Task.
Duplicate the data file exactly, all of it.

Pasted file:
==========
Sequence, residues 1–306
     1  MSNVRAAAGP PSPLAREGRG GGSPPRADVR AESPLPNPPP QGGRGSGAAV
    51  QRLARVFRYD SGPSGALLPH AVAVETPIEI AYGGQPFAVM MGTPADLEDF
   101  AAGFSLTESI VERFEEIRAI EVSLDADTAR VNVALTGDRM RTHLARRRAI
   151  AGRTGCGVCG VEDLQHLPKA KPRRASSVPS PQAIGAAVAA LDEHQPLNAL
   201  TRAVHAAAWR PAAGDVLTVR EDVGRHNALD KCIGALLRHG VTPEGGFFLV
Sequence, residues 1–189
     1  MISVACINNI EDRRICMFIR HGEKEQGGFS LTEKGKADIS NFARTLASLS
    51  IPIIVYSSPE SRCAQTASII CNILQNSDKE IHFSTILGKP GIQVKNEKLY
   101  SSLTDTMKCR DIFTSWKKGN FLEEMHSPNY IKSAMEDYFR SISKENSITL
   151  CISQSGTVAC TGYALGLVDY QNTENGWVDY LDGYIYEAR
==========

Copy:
Sequence, residues 1–306
     1  MSNVRAAAGP PSPLAREGRG GGSPPRADVR AESPLPNPPP QGGRGSGAAV
    51  QRLARVFRYD SGPSGALLPH AVAVETPIEI AYGGQPFAVM MGTPADLEDF
   101  AAGFSLTESI VERFEEIRAI EVSLDADTAR VNVALTGDRM RTHLARRRAI
   151  AGRTGCGVCG VEDLQHLPKA KPRRASSVPS PQAIGAAVAA LDEHQPLNAL
   201  TRAVHAAAWR PAAGDVLTVR EDVGRHNALD KCIGALLRHG VTPEGGFFLV
Sequence, residues 1–189
     1  MISVACINNI EDRRICMFIR HGEKEQGGFS LTEKGKADIS NFARTLASLS
    51  IPIIVYSSPE SRCAQTASII CNILQNSDKE IHFSTILGKP GIQVKNEKLY
   101  SSLTDTMKCR DIFTSWKKGN FLEEMHSPNY IKSAMEDYFR SISKENSITL
   151  CISQSGTVAC TGYALGLVDY QNTENGWVDY LDGYIYEAR